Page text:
The Day Most Breakups Occur Each Year Is Right Around the Corner

forgetting sarah marshall

The festive season is a time for giving, spending time with loved ones, and apparently ditching your significant other mere days away from Christmas. Holly jolly, huh?

According to recent data collected by digital statisticians, the day most breakups occur within the entire calendar year is December 11, which — we hate to break it to you — is just around the corner.

To conclude their findings researchers analysed Facebook data, looking at thousands of messages for signs of relationship turbulence and breakups. From that collected, they were able to determine most breakups occurred two weeks before Christmas, on December 11.

Those who made it to the big day, however, were in the clear — the least number of breakups in the entire year happened on Christmas day.

As to why December 11 seems to be a peak day for breakups? Well, there are a few competing theories.

Some newer couples may feel daunted by the prospect of having to introduce a new partner to their parents, and would rather break up than go ahead with a meet-and-greet. Others may already wish to pull the pin on the relationship and figure they’d better go ahead with it before having to splash out on presents.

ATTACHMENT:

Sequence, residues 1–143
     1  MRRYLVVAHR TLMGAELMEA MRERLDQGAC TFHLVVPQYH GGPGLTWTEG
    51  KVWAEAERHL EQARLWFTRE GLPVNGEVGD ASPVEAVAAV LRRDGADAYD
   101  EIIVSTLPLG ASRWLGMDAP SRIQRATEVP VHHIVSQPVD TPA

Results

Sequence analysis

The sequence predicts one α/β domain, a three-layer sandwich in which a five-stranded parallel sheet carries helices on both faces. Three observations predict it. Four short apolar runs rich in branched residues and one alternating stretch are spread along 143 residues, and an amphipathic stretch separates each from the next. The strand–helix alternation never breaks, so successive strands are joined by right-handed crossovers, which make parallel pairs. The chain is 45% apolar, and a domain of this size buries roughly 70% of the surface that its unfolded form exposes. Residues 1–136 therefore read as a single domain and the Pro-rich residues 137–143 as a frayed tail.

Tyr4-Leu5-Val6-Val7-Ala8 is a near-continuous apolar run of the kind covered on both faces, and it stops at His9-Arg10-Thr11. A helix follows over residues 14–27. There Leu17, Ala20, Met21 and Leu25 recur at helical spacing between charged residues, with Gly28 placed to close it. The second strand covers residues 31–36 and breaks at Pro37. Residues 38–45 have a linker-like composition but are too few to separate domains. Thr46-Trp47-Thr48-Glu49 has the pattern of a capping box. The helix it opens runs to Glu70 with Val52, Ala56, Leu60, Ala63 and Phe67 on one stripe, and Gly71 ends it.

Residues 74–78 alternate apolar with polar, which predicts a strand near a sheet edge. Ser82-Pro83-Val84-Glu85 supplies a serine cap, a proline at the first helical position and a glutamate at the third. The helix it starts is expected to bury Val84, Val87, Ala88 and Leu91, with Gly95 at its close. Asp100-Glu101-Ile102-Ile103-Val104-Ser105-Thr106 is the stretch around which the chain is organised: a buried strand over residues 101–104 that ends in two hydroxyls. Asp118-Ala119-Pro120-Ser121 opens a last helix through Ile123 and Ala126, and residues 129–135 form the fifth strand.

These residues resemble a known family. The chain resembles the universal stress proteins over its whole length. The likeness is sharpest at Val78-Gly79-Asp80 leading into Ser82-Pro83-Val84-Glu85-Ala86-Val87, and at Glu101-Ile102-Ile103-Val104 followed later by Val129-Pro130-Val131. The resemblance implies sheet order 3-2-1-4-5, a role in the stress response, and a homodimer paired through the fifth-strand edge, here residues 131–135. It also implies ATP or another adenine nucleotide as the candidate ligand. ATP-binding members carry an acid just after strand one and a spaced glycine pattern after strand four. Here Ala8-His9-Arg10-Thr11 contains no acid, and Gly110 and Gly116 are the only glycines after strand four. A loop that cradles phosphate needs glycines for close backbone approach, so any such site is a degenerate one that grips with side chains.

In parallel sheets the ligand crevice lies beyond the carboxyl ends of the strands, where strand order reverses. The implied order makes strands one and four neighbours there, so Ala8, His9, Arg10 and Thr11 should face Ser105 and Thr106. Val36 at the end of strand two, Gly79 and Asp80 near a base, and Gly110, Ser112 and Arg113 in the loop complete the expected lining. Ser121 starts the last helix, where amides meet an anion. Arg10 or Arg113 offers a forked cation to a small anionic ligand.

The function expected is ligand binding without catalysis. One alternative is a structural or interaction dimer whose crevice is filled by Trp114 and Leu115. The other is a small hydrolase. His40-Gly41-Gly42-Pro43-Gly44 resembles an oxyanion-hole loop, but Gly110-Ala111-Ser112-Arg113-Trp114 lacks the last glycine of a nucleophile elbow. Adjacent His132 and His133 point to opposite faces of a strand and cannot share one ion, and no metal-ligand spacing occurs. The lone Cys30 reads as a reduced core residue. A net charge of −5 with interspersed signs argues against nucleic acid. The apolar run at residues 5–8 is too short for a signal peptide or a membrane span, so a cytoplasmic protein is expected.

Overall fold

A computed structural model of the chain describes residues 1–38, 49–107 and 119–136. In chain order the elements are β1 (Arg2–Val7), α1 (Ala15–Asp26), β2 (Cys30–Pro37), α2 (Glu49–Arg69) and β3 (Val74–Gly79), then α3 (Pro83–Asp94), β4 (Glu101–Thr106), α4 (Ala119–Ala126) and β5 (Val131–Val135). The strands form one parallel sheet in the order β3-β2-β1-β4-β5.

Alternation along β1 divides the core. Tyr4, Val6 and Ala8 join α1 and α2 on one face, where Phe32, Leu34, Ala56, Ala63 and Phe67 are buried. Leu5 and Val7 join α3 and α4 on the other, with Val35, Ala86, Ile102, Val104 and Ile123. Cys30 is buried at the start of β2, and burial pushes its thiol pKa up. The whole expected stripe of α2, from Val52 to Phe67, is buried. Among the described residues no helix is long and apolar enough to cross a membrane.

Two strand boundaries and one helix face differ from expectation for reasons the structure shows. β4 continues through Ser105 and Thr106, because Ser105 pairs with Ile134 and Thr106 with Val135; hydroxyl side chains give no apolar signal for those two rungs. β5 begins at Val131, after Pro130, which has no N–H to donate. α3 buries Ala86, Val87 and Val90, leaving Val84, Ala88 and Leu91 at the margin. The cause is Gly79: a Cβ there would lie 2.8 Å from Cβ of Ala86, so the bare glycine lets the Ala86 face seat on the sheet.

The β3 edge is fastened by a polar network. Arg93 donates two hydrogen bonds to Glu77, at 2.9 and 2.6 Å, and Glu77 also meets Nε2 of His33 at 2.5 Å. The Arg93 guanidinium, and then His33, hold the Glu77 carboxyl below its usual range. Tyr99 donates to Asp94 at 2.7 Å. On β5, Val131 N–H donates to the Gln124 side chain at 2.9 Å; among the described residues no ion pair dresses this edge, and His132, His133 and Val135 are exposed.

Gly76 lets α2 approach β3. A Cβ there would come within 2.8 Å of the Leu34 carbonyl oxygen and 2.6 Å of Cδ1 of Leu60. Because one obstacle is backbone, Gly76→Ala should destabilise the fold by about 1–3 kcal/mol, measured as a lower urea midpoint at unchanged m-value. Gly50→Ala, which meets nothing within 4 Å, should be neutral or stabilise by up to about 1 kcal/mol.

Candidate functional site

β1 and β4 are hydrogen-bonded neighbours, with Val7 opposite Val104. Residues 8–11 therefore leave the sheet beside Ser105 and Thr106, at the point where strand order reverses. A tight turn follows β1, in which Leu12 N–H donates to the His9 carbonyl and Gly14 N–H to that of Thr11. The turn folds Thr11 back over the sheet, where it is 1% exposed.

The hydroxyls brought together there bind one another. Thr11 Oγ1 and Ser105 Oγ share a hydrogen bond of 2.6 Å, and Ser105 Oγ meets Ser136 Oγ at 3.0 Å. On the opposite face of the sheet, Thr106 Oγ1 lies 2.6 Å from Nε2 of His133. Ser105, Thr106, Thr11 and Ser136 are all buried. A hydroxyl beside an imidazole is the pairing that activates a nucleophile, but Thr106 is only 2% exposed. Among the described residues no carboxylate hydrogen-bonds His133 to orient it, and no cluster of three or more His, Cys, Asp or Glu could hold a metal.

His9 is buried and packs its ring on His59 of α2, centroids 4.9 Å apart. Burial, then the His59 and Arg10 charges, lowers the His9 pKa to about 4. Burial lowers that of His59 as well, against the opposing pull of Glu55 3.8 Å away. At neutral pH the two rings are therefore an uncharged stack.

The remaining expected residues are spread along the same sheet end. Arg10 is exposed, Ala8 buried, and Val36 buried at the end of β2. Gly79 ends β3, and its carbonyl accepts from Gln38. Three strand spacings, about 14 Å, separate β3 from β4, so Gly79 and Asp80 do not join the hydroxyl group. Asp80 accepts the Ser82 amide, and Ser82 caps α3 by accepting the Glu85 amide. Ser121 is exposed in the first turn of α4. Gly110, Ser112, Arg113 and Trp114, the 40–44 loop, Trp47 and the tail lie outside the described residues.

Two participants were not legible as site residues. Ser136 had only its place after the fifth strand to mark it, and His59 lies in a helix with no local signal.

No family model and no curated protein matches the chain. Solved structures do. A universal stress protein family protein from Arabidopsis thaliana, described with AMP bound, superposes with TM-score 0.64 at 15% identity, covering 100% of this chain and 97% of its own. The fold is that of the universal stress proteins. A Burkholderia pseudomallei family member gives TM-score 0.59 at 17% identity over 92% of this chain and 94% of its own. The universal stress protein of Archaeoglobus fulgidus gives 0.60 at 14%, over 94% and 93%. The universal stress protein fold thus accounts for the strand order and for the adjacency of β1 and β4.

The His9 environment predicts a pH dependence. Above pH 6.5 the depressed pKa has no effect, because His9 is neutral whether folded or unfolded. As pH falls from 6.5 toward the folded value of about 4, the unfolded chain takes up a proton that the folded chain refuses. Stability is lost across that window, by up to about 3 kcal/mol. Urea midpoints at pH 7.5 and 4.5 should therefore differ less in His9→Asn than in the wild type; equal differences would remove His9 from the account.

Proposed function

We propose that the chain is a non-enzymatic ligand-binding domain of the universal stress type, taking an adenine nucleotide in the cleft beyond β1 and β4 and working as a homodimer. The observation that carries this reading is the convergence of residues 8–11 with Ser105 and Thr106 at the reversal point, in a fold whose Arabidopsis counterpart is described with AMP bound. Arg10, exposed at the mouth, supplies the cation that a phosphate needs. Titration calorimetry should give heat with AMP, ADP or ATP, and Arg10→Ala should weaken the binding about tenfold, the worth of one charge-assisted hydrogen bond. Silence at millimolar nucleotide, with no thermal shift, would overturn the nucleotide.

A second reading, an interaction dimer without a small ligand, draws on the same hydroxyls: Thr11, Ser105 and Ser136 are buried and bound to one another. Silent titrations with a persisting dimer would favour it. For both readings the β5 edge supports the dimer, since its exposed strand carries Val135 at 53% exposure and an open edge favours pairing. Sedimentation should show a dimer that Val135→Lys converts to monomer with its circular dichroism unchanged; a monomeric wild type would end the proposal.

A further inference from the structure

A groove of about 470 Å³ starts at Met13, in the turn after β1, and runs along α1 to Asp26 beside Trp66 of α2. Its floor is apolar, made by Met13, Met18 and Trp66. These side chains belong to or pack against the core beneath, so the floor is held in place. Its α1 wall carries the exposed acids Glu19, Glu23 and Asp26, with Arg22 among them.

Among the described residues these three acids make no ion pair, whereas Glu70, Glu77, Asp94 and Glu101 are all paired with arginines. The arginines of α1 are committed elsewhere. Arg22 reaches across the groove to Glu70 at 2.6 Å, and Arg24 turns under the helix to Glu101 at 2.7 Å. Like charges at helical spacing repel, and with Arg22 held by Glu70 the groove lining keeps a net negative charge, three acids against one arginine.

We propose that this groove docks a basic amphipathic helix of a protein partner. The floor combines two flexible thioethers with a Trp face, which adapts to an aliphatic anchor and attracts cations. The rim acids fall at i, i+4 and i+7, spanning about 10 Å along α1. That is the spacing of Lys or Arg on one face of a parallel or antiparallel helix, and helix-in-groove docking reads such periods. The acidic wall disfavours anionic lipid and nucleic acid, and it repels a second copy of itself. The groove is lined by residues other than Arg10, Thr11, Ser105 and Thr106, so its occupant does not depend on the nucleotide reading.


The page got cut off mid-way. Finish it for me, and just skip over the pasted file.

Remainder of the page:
Dan Auerbach, relationship counsellor with Associated Counsellors & Psychologists, says: “If the statistics around ‘Breakup Day’ are accurate, then it likely comes down to the time of year.”

He continued: “Most of us become more self-reflective towards the end of the year. If our relationship has been strained, some of us will resolve to make a change by separating hoping this will make next year better.”

Auerbach says the stresses around visits with family around the holiday season can set off a need for change in relationships. “For better or worse, we become self-conscious about how our relatives are going to view our relationship,” he says.

“Other common issues that are triggered for couples as they plan to spend the holidays with family can include feeling unsupported. For example, we may feel our partner doesn’t prioritise us, support our views, or respect our family in light of the family views, commitments or traditions that come to the fore as we relate with the bigger group.”

While the holidays can be a time of stress for those in relationships for the reasons outlined above and many more, Auerbach advises we approach the period with an air of levelheadedness.

“Rather than acting rashly, it’s a good time to use the insights about your lack of satisfaction to address the issues in your relationship.

“If you’ve tried repeatedly to connect about those themes like support, connection or being a priority to your partner, it can help to talk to a professional to guide you through those tough conversations.”

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